Even though selling your home could be years away, keep in mind that not all home improvements are welcome to buyers. When buyers are ready to buy, they tour multiple homes which can be confusing. So, they distinguish what theyve seen by features like "the one with the gorgeous kitchen," or "the one with the ugly pink tiled bathroom." You dont want your home to be the one they make fun of.
Here are just a few items that buyers dont appreciate:
1. Outdated finishes. It doesnt matter if you paint your walls the most fashionable colors if buyers look up and see popcorn ceilings and wobbly ceiling fans. If youre going to improve a room, update everything, even the light switches. Be particularly careful with wallpaper which is very personal and can be polarizing to buyers. And carpet? Most buyers want wood floors today.
2. Awkward spaces. Youve seen the commercial where the family remodels the kitchen and borrows space from the college-age sons bedroom, turning his room into little more than a closet. Knock out or move walls where you need to, but not at the expense of other rooms.
3. Conversions. Beware of changing the original function of a room. Decking out the dining room as a media room may make sense for your family, but where will your buyers serve dinner? And while were on the subject, converting studies into bedrooms doesnt work. Without closets and adjoining baths, they arent really bedrooms.
4. Bad add-ons. If theres anything worse than not having enough space, its adding on space that looks stuck to the original house with glue. If youre going to add on to your home, make sure it looks as seamless as possible, with the same quality finishes and floors.
5. Expensive-to-maintain luxuries. Swimming pools, koi ponds, fountains and putting greens can make backyards a paradise, but theyre costly to keep up. Installing lush landscaping that has to be pruned constantly to keep its shape is a great hobby, but for future buyers, less is more. Its great to have hobbies, but make sure you can take them with you when you move.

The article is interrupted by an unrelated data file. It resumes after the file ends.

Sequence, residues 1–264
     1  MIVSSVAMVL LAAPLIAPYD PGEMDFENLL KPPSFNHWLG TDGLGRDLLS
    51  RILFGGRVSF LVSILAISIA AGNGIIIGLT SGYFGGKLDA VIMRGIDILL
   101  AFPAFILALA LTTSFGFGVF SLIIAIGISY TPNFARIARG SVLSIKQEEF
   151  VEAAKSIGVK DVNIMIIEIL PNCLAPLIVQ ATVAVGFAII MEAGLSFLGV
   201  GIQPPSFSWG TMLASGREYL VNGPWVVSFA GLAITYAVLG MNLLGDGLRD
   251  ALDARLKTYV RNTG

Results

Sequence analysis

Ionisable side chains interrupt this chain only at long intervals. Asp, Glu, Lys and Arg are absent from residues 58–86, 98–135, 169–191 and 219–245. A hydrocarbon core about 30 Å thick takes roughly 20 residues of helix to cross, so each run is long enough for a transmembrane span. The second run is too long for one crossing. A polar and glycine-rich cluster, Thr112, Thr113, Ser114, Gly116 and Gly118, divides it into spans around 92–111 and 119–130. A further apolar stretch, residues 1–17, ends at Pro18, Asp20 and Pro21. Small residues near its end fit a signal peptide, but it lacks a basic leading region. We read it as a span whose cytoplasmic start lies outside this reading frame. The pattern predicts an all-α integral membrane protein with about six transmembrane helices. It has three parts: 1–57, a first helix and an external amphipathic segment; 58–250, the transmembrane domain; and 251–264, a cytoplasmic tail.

So go ahead and paint your den after your favorite football teams colors like orange and purple, but when it comes time to sell, prepare your home for the next buyer. Put it in pristine clean condition, and restore paints and finishes to attractive neutral shades. And keep this mantra in mind: If its expensive to add or install, the buyer could see it as expensive to remove.
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Its that season where you want to celebrate the coming holidays with a grandiose display of ghouls and goblins followed by pumpkins and wreaths and hand-traced kindergarten turkeys glued on paper plates and then, of course, garland and lights and ornaments hanging from everything and inflatables and a giant incredible tree. We get it. A visible display of festivity is our idea of holiday happiness too.
But going overboard while your home is for sale can actually keep it from selling. And theres nothing festive about that.
"Remember that buyers looking at houses during the holidays are generally ready to buy," said REALTOR Barbara Altieri.
Heres how to strike the right balance.
1. Dont overdue the dcor.
You want buyers to see your house, not all the stuff youve piled on in celebration of the holidays. But that doesnt mean you have to go bare.
"The less-is-more mantra of home staging may tempt you to forgo holiday cheer this year. But a few subtle touches like a pinecone centerpiece, an evergreen wreath or a pot of cider simmering on the stove can create a warm and festive feeling in your home," said Front Door.
2. Dont overdo the gore.
Gooey brains or severed limbs might be funny on Halloween night, but not so much when people are arriving for an open house.
3. Use some common sense.
You dont want to turn your house into an Ebola wasteland under any circumstances too soon, too sad, too gross. But if youre selling you house you want to be extra careful to keep your head and steer clear of anything that might be deemed controversial.
4. Ixnay on the iderspay.
Translation for those who arent up on their Pig Latin: Nix the spiders. Yes, theyre plastic. Yes, theyre funny. But anything that could make a potential buyer wince or cringe is not something you want hanging around your home.
5. Keep it secular.
"Avoid overtly >
6. Dont create a tripping hazard.
Walkways lined with pumpkins or candy canes are festive. But if theyre not tucked away so as to keep from impeding access, they could be a danger to visitors. The last thing you need is a lawsuit while youre trying to sell your home or anytime for that matter.
7. Dont hide your homes best assets.
"There is a time and place for everything and decorating your house that is for sale with a little too much spirit is distracting to say the least," said Altieri.
Its true. Too much holiday clutter can mask your homes best qualitiesinside and out. If there is so much outdoor dcor that potential buyers cant get a feel for your curb appeal, think about paring it down and only using a few of your favorite items - at least until your home is in escrow.